Mary Ritayik sworn in as SUNY’s first woman police commissioner
Last week, State University of New York chancellor Jim Malatras provided the oath of office to Mary Ritayik at the H. Carl McCall SUNY Building in Albany, as the first woman to serve as New York State University Police commissioner in SUNY history.
Ritayik’s appointment to chief of police at SUNY New Paltz in 2019 was also a milestone. She was the first woman ever to hold the position in the University Police Department’s 50-year history at SUNY New Paltz.
“Commissioner Ritayik has broken the ceiling for women in the university police, but she is also the right person for the job,” said Chancellor Malatras. “She will build up community policing, which is what we need across SUNY for our students, and Commissioner Ritayik will continue to be an innovator in that area. It is with great pride that we join together to celebrate her achievement, and this historic moment at SUNY.”
Commissioner Ritayik said, “This is one of the most challenging times in law enforcement history, and right now we need to rebuild that police and community trust. We need to do better. It is through these positive interactions, community policing initiatives and coming to the table to actively listen to what our communities expect of their Police Department that will help to foster this trust. I want to ensure that the strategies of our agency meet the needs of the communities we serve. I believe in the work that we do and that it does make a difference.”
The ceremony was attended by former university police commissioners; SUNY leadership; a representative from governor Kathy Hochul’s office; campus police chiefs; representatives from SUNY New Paltz, where Commissioner Ritayik rose up through the ranks, including president Don Christian and vice president of Student Affairs Stephanie Blaisdell; and her family.
The Falcon in Marlboro announces passing of Tony Falco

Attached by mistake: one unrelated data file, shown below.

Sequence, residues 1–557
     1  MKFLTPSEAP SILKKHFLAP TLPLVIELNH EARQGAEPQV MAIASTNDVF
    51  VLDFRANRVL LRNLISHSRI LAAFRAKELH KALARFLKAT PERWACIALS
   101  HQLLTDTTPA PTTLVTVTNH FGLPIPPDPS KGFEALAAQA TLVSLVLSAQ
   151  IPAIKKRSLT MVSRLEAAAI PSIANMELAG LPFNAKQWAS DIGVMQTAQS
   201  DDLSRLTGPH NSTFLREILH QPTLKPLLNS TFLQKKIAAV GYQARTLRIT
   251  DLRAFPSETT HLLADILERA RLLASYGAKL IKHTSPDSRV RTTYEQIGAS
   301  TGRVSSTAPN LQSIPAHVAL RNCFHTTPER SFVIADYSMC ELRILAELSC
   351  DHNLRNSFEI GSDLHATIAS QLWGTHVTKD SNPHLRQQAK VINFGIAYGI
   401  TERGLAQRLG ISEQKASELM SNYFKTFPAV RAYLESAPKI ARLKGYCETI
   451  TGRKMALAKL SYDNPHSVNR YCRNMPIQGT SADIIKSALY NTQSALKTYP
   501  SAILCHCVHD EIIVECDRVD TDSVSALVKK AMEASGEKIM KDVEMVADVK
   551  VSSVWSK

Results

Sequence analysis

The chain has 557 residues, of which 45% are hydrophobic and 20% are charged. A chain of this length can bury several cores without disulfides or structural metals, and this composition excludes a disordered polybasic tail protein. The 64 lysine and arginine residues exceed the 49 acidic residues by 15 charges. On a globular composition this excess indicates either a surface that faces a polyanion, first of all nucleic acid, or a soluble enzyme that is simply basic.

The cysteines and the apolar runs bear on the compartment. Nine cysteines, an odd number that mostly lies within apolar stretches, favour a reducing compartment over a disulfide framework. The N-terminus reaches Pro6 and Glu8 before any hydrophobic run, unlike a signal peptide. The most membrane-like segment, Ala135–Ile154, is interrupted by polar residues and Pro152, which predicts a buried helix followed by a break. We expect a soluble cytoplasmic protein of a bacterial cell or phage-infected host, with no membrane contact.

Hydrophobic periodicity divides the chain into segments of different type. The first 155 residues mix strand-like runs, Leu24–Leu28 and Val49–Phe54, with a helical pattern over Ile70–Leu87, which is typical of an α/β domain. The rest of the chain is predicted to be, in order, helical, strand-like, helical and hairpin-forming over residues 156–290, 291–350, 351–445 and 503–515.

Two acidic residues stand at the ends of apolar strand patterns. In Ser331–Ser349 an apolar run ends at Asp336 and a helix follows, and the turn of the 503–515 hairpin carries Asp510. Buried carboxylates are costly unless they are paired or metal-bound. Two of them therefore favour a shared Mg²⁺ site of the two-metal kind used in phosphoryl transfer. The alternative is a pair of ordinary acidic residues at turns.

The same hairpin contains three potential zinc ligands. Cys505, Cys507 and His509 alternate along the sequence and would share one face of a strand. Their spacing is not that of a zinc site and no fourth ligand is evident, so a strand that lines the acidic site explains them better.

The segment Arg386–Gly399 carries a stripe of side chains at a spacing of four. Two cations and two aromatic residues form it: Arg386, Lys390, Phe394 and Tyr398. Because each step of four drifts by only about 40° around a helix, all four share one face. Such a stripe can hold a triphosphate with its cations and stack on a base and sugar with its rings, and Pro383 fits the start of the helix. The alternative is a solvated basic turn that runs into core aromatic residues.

Anthony Falco of Marlboro died on October 28, 2021, after a six-month battle with complications from COVID-19. Known to all as Tony, he was born on September 12, 1956 to Ferdinand and Margaret Falco in Staten Island, where he was raised along with his six siblings.
A man with many passions and skills, a loving husband and father and an engaged community leader, Tony is perhaps best-known as the owner of The Falcon, the innovative music venue he founded in the early 2000s in Marlboro. The Falcon became a mecca for jazz musicians and one of the Hudson Valley’s most prominent and diverse music clubs, as well as its most beautiful. Tony imagined the Falcon as a community-focused, multi-art and musician-centric institution. At its pre-pandemic peak, the Falcon featured music on two stages nightly, rotating art exhibits, the Avalon Archives Museum, two restaurants and a network of trails and decks overlooking Marlboro Falls.
In 1979, Tony attended SUNY New Paltz, where he met the love of his life: his wife of 37 years, Julie Farrell. They were married in 1984 and had four children: Adrianne, Svetlana, Lee and Julian. In 1983, Tony graduated from New Paltz with a degree in Environmental Science. Over his scientific career, he operated and designed several wastewater treatment facilities throughout the Hudson Valley and owned Environmental Labworks, a water-testing laboratory located in the same building as The Falcon.
Tony was a renaissance man: artist, entrepreneur, scientist, engineer, architect, builder, pilot, teacher and environmental conservationist. He was generous and adventurous, and he loved to travel the world. In 2020, during the pandemic, he designed and built the Marlboro Nature Trail. He recently took up horseback riding and owned two horses, Houdini and Cinch.
Tony is survived by his wife and kids; his mother; his six siblings (Gennaro, Julia Ruffo, Eddie, Tommy, Freddy and Christopher); his lifelong best friend, Cliff “Sonny” Benson; his adopted children, Suong Huynh and Javier Osorio; his children’s partners, Conor Shea, Alex Neckles, Jessica Brush and Kaitlyn VanOrman; and his extended family of Falcon friends.
Public celebrations of his life will be held the weekend of November 6. More details will be determined and posted at www.liveatthefalcon.com. In lieu of flowers, please send donations to Amnesty International.
In the story about the October 4 meeting of the New Paltz Town Planning Board, a reference made to 13,000 truckloads of fill was incorrect; the correct number was 1,600 truckloads of fill. The reporter regrets the error.